### Produced ### 8
 ### Produced ### 17

 *** Consumed *** 13
 *** Consumed *** 8
 *** Consumed *** 17
 --------------------------
*/

Sequence generator tasks by Threads

Many times we face scenario where we need to execute two sequential tasks to perform a operation, like Tagging / Stamping serial Coupons , Producing serial Tickets at different Vending Machines. Below code ( generating Odd and Even in sequence) can be used for such requirement.

PS: This is a basic implementation, the same can be done using other Threading concepts.

				
package multithreading;

// print ODD and Even number alternatively

public class SquenceGeneratorTasks {

	public static boolean oddPrinted = false;

	public static void main(String[] args) {
		 Object lock =new Object();
		Thread oddThread = new Thread(new Runnable() {

			@Override
			public void run() {
				int i = 1;
				while (i <= 20) {

					synchronized (lock) {
						if (!oddPrinted) { // make sure printing starting with Odd number and each Odd is followed with a Even number
							System.out.println(i);
							i = i + 2;
							oddPrinted = true;
							lock.notify();
							try {
								lock.wait();
							} catch (InterruptedException e) {
								// TODO Auto-generated catch block
								e.printStackTrace();
							}
						}
					}

				}
			}
		});

		
		Thread evenThread = new Thread(new Runnable() {

			@Override
			public void run() {
				
				System.out.println(" Though you have delayed Odd thread but printing gonna start with Odd number only !!");
				
				int i = 2;
				while (i <= 20) {
					synchronized (lock) {
						if (oddPrinted) {
							System.out.println(i);
							i = i + 2;
							oddPrinted = false;
							lock.notify();
							try {
								lock.wait();
							} catch (InterruptedException e) {
								// TODO Auto-generated catch block
								e.printStackTrace();
							}
						}
					}
				}
			}
		});

		evenThread.start();
		
		// even if We apply some delay to Odd thread printing will start with ODD number only and 
		// Sequence of Odd-Even-Odd maintained
		try {
			Thread.sleep(2000);
		} catch (InterruptedException e) {
			e.printStackTrace();
		}
		oddThread.start();

	}

}						
/*
Though you have delayed Odd thread but printing gonna start with Odd number only !!
1
2
3
4
5
6
7
8
9
10
11
12
13
14
15
16
17
18
19
20 */

You can download the same code from : https://github.com/SkilledMinds/easyNuts/tree/master/code-25-09-2015

Go Gradle ! Servlets with Gradle

Gradle is build automation tool which is collection of all good things of ANT and Maven.For more reading on it follow https://gradle.org/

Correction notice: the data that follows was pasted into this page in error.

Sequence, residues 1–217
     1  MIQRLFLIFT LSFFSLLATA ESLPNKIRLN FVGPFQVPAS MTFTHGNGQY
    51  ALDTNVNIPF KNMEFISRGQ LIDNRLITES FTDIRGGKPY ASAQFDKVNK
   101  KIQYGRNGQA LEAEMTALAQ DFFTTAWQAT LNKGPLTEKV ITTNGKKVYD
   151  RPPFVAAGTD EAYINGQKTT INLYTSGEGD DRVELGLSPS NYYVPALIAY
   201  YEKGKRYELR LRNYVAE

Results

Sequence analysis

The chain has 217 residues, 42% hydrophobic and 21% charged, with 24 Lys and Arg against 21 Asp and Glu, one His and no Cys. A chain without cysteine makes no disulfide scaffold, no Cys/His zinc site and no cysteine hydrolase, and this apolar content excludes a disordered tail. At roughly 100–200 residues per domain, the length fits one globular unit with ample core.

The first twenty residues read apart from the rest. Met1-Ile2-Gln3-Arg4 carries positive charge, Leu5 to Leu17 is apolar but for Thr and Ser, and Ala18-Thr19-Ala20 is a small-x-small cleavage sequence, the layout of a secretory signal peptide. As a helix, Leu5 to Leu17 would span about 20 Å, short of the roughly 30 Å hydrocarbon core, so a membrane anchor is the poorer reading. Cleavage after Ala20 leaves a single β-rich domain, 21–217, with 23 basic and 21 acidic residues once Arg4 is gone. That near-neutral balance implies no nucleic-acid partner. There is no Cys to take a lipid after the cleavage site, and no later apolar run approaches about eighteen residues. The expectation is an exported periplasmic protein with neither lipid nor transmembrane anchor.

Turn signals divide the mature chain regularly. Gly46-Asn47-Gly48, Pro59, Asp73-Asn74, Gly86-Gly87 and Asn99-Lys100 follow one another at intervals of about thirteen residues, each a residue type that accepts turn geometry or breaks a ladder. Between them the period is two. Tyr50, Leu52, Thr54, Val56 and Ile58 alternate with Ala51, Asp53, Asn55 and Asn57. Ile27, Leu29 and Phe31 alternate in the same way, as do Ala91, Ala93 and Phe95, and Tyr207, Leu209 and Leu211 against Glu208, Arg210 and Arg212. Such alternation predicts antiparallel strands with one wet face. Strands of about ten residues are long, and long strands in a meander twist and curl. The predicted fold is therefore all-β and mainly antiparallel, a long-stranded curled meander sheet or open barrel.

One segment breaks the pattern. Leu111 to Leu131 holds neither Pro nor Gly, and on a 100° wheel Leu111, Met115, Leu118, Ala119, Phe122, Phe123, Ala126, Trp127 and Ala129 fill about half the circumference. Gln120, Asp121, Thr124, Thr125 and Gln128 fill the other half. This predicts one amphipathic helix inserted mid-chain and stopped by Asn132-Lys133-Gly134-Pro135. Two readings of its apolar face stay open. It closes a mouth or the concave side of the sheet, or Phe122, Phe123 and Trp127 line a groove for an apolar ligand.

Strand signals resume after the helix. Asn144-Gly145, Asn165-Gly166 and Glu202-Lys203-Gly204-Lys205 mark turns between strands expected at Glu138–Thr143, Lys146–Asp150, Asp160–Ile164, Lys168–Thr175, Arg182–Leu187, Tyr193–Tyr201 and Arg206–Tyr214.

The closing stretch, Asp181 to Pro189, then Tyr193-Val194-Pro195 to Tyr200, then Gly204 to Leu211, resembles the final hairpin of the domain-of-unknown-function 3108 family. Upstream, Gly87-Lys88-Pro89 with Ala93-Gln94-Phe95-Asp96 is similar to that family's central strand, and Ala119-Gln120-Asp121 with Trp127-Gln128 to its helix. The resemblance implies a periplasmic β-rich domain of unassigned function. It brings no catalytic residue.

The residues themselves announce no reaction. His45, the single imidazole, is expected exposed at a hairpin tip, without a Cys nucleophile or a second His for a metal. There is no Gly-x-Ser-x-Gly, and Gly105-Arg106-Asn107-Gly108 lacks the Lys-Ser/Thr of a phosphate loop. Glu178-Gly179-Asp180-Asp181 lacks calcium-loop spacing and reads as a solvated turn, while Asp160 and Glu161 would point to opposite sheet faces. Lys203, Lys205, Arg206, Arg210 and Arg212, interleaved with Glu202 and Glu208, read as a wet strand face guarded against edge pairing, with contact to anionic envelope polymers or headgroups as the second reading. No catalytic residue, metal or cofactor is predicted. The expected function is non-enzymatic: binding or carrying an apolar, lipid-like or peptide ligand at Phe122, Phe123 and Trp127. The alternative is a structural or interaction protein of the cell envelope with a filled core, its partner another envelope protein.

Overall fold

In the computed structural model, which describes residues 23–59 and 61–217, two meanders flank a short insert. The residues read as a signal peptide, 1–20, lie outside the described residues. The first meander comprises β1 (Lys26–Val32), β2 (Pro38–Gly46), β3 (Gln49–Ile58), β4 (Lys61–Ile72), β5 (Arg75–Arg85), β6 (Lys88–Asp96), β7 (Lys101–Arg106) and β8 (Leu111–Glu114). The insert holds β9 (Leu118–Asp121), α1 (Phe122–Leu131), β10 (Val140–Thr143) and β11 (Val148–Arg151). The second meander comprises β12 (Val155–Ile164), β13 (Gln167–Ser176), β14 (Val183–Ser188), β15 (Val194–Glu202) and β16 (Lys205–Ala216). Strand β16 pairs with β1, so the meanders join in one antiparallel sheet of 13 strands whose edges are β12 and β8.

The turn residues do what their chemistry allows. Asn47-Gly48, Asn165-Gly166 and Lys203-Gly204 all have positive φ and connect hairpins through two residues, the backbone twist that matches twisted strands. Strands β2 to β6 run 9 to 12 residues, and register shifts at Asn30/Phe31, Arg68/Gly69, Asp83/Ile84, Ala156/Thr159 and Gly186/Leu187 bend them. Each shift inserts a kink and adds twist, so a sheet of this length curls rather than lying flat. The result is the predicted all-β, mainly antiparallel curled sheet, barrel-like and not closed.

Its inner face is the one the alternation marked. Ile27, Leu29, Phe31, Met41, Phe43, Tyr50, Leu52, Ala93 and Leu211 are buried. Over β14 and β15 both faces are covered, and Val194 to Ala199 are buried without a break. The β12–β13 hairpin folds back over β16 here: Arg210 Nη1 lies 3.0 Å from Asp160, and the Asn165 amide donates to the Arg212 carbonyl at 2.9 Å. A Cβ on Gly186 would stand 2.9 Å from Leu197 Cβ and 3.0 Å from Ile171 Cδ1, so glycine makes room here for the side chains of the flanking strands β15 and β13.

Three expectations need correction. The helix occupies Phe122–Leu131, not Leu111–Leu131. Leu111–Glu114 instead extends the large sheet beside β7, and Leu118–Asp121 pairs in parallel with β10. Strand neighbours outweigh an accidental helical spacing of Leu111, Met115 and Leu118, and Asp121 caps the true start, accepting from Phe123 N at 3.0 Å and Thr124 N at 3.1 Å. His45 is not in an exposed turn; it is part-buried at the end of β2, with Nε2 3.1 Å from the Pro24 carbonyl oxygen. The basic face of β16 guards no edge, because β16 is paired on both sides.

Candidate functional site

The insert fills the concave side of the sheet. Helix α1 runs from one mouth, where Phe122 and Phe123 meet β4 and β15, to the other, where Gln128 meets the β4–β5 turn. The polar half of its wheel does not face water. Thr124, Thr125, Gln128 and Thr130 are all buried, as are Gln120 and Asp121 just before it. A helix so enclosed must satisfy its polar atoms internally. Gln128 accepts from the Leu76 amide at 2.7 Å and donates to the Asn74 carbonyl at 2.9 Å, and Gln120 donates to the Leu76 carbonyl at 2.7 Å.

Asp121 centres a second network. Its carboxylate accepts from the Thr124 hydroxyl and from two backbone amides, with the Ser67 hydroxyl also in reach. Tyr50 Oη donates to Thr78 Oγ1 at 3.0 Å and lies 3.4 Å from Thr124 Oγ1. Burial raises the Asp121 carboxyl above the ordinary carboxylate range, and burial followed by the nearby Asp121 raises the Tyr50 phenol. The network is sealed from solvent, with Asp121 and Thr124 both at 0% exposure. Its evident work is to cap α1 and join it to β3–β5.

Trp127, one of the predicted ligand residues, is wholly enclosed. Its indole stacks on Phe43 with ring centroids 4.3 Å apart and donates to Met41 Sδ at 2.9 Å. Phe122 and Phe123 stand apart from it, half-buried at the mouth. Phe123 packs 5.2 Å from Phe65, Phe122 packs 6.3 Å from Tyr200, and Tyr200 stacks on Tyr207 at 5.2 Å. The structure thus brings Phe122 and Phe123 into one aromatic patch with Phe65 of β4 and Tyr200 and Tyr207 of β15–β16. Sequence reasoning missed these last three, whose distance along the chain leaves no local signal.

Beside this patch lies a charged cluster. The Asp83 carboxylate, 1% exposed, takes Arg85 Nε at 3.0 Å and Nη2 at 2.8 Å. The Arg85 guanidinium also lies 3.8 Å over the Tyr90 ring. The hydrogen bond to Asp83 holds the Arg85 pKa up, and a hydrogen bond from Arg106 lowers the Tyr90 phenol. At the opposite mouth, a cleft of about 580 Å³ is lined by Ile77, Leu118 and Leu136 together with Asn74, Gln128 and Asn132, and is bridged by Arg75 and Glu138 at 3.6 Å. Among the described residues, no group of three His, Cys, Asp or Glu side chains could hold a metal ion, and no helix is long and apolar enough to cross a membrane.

Today I am posting one sample Gradle Servlet project. Gradle easily supports Java web applications through the “war” and “jetty” plugins. My steps will show you how to quickly make a simple Java Servlet web application ( I am using here STS IDE).

Steps :
(1) Add Gradle plugin (easiest way to do it, goto STS dashborad, search and
add gradle plugin).you need to install Gradle and provide the path of its bin in PATH in case you want to run project from command prompt.
(2) Create a project folder “GradleServlet”
(3) create a file “build.gradle”
(4) content of file “build.gradle”

apply plugin: 'java'
apply plugin: 'war'
apply plugin: 'jetty'
apply plugin: 'eclipse-wtp'

repositories {
  mavenCentral()
}

dependencies {
  providedCompile 'javax.servlet:servlet-api:2.5'
  runtime 'javax.servlet:jstl:1.1.2'
}

(5) lets create the servlet at GradleServlet\src\main\java\com\HelloWorldServlet.java

package com;

import java.io.IOException;

import javax.servlet.ServletException;
import javax.servlet.http.HttpServlet;
import javax.servlet.http.HttpServletRequest;
import javax.servlet.http.HttpServletResponse;

public class HelloWorldServlet extends HttpServlet
{

    private static final long serialVersionUID = 1L;

    @Override
    protected void doGet(HttpServletRequest req, HttpServletResponse resp)
            throws ServletException, IOException
    {
        resp.getOutputStream().write("Gradle is build automation tool which is collection of all good things of  ANT and Maven.".getBytes());
    }
}

(6) Finally let’s put web.xml at GradleServlet\src\main\webapp\WEB-INF\web.xml

<?xml version="1.0" encoding="UTF-8"?>
<web-app version="2.5" xmlns="http://java.sun.com/xml/ns/javaee"
 xmlns:xsi="http://www.w3.org/2001/XMLSchema-instance"
 xsi:schemaLocation="http://java.sun.com/xml/ns/javaee http://java.sun.com/xml/ns/javaee/web-app_2_5.xsd">

 <servlet>
 <display-name>HelloWorldServlet</display-name>
 <servlet-name>HelloWorldServlet</servlet-name>
 <servlet-class>com.HelloWorldServlet</servlet-class>
 </servlet>

 <servlet-mapping>
 <servlet-name>HelloWorldServlet</servlet-name>
 <url-pattern>/</url-pattern>
 </servlet-mapping>

</web-app>

(6) our Project is ready now, lets build and run it. Lets use commands

to build use —> gradle build
to crate .war of Application use —> gradle war
to run it by Jetty ( a light weight container ) use —-> gradle jettyrunwar
you should see similar lines on screen :

C:\sts_workspace\GradleServlet>gradle jettyrunwar
:compileJava
:processResources UP-TO-DATE
:classes
:war
> Building 80% > :jettyRunWar > Running at http://localhost:8080/GradleServlet

You can get the source code from https://github.com/SkilledMinds/easyNuts